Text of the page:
The Arctic Circle Review

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Desire is a fundamental part of any filmmakers’ journey. Many would say that if you do not have a burning desire to be creative and make interesting film entertainment content then you probably do not have what it takes to compete with filmmakers today and should probably do something else. As with most business, the cream rises to the top and it is usually the ones who fight for it that end up getting what they want and achieving their goals. As a writer and a filmmaker myself, I understand that desire. Most people who know me would call me ambitious.

But there is a downside to the desire to be a filmmaker and it may not be what you assume. Newer filmmakers today have a tendency to spell things out for the audience or hold things back. It really does not matter what types of genre you look at, they generally do one or the other. Spelling things out is bad because it makes the audience think that the film makers did not think they were smart enough to understand what was going on without every detail told to them.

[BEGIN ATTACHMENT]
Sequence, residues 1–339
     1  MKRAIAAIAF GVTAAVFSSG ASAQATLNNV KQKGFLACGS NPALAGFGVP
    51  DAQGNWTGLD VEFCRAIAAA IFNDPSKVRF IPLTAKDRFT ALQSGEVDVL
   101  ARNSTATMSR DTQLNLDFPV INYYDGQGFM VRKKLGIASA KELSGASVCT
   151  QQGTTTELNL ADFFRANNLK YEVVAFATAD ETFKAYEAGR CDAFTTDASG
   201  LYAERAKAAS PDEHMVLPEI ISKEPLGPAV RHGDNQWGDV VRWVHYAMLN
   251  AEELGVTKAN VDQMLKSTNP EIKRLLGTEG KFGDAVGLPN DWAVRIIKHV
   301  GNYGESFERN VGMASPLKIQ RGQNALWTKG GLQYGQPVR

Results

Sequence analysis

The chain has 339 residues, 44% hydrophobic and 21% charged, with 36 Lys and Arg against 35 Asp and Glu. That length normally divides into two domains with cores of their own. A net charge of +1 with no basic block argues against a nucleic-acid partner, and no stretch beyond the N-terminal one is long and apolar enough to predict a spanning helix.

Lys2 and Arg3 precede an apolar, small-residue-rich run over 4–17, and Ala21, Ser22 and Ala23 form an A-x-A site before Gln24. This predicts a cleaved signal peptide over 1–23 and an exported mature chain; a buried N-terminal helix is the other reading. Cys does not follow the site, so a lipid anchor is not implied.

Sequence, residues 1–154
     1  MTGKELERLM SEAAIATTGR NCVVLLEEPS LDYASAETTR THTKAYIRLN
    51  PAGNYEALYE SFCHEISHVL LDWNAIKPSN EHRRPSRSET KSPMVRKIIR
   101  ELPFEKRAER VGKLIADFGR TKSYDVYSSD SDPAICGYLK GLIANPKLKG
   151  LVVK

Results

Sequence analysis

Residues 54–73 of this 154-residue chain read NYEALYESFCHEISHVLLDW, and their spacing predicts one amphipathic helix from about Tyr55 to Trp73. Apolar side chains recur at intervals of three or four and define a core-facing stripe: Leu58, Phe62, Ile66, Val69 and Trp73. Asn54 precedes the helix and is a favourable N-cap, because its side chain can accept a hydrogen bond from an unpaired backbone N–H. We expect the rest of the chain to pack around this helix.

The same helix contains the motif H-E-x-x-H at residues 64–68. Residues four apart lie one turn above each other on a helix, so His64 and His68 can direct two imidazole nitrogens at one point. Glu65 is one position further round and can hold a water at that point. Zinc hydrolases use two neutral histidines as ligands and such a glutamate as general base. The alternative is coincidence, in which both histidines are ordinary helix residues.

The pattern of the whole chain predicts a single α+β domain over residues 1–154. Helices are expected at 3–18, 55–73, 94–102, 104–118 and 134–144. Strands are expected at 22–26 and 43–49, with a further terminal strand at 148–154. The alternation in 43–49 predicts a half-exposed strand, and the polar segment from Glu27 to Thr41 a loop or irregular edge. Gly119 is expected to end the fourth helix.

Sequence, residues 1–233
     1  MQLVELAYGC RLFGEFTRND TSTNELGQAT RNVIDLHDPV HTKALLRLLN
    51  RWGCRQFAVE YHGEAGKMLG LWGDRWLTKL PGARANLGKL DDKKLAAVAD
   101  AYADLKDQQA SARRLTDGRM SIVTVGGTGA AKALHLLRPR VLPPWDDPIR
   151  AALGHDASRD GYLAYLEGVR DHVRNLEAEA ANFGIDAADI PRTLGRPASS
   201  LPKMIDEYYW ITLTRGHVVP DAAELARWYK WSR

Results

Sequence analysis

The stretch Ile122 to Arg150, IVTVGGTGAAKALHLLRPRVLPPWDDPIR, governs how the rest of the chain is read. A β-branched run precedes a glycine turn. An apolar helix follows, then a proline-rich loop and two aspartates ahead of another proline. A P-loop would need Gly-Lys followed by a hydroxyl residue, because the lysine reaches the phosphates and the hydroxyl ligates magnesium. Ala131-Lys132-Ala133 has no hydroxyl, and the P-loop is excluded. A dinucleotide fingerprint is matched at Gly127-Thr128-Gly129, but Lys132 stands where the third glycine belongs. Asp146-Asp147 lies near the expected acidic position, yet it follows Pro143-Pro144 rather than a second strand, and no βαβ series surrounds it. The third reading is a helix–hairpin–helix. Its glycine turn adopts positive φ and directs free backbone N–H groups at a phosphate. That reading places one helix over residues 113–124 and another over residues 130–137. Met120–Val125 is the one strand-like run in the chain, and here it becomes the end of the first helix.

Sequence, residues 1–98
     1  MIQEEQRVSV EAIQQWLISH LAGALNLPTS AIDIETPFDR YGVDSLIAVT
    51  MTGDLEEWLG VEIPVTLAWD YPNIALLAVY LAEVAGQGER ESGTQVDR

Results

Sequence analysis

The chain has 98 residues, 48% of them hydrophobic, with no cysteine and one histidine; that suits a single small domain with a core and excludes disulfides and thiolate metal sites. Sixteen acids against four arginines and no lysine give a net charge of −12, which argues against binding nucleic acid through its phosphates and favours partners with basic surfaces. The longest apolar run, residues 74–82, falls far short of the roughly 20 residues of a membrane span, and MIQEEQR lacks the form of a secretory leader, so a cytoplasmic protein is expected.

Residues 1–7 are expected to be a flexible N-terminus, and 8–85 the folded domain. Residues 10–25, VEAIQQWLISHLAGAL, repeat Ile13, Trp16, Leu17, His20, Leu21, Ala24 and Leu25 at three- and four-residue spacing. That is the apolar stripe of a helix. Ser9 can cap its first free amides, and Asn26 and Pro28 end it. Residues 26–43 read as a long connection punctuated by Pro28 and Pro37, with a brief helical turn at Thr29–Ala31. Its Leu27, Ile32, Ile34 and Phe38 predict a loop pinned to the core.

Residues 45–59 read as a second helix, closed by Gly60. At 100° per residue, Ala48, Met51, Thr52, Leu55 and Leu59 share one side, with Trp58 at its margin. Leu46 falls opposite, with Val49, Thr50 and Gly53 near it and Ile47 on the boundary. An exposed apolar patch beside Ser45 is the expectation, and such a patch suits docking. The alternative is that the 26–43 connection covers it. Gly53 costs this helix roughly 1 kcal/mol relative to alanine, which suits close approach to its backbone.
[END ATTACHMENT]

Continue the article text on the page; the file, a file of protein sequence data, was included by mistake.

Holding too much back can also be bad because it will make the audience think there should have been more to the story and the filmmaker just is not very good at telling a story. Neither could be entirely accurate, however in the world of film entertainment perception is reality. What people think you are doing is what people will assume you are doing and that can be bad if what you are doing makes the audience feel one of those two things. The Arctic Circle in a lot of ways suffers from both of these things at various points in the film, partly because it does one and then the other.

At the beginning of this film there is a clear attempt to explain the story as it goes along despite it being a film without dialogue. As a result when the film stops doing that later in the short it becomes somewhat disconcerting and you are left wondering why it did not continue. Still, one of the benefits of doing a film that is entirely silent, animated or not, is that most of the action and story happens visually. Even though it switches gears halfway through it still manages to tell a very simple and honest story about the reality of the world.

It is still worth watching. Check it out below or at Film Annex.

 



About the author

AndrewHeard

I believe in the power of film to change people's minds about the world. A writer since I was 16 I have moved into writing and producing.

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